Key collaborative assessment problem types
Consensus building — the group needs to make a decision after considering the views, opinions, and arguments of different members. Faster isn’t always better here; the quality of the decision may be threatened by ‘group think’ — swift agreement among members without considering the complexities of the problem.
Jigsaw problems — this is a method to insure interdependence among problem-solvers, which is a condition to measure collaboration. Each group member has different information or skills. The group needs to pool the information and recruit each other’s skills in order to achieve the group goal. The group goal cannot be achieved by any one member alone. One social loafer who does nothing can jeopardise the achievement of the group goal.
Negotiations — Group members have different amounts of information and different personal goals. Through negotiation, select information can be passed so that there can be mutual win-win optimisation, which satisfies overall group goals.
The PISA study notes that additional types of collaborative problem solving (CPS) tasks can be appropriate, provided they are time-constrained collaborative activities requiring ground rules for taking actions, as well as the establishment and maintenance of both shared understandings and team organisation. You can download the full draft collaboration assessment framework report here.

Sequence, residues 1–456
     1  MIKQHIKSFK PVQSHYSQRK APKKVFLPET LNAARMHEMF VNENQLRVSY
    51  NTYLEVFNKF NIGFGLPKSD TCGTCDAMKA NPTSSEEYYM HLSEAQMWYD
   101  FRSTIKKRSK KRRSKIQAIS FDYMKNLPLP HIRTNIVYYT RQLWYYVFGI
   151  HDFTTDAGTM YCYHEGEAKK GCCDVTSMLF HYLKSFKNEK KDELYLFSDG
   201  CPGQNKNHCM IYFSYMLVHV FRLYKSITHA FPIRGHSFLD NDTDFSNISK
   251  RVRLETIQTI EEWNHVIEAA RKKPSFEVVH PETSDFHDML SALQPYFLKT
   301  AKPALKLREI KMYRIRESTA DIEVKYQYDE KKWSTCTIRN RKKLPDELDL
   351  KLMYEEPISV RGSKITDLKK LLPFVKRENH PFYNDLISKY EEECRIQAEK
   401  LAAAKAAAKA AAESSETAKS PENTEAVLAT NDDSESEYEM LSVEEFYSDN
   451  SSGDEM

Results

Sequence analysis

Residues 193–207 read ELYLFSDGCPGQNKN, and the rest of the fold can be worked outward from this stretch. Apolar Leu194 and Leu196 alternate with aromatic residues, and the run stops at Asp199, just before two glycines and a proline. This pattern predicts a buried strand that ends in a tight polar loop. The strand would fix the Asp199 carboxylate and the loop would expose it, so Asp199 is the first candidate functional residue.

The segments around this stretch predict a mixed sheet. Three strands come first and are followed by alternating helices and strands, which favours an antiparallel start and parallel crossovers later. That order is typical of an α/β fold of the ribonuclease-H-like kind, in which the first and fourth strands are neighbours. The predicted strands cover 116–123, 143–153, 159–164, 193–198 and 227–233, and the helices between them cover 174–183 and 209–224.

Australia, Ireland & Sweden unite!
Extending on the ATC21S findings, the Collaborative Assessment Alliance was formed. The goal was to quantify to what extent 21st century skills such as collaboration and communication could be assessed digitally. This was done by collaborative problem solving tasks, conducting school trials, psychometrically analysing results and collaborating on findings. The group was made up of:
- Australian Curriculum, Assessment and Reporting Authority (ACARA)
- Department of Education NSW Australia (DOE)
- National Council for Curriculum and Assessment (NCCA)
- Swedish Authority on Local Authorities and Regions (SALAR)
- Janison (EdTech company)
The findings of this group are yet to be published, however early results are fascinating. School trials with just over 2000 participating students produced a staggering million rows of data. Every click, action, word, response and more was being logged in the background. If you are fond of playing with big data, this is the area is for you. Can you imagine the volume when delivered at a national level?
So, what does it all mean? Leading countries are already pushing towards new 21st century curricula, and the adoption by PISA of collaborative testing will be a rocket-boost. Educators that stand still are now at risk of falling behind the world pack; surely a career-limiting move.
Those who can master collaborative assessment will become education royalty. Their graduates will be better equipped with tangible, real world skills to lead us into the future. Are you going to be part of the new Kingdom?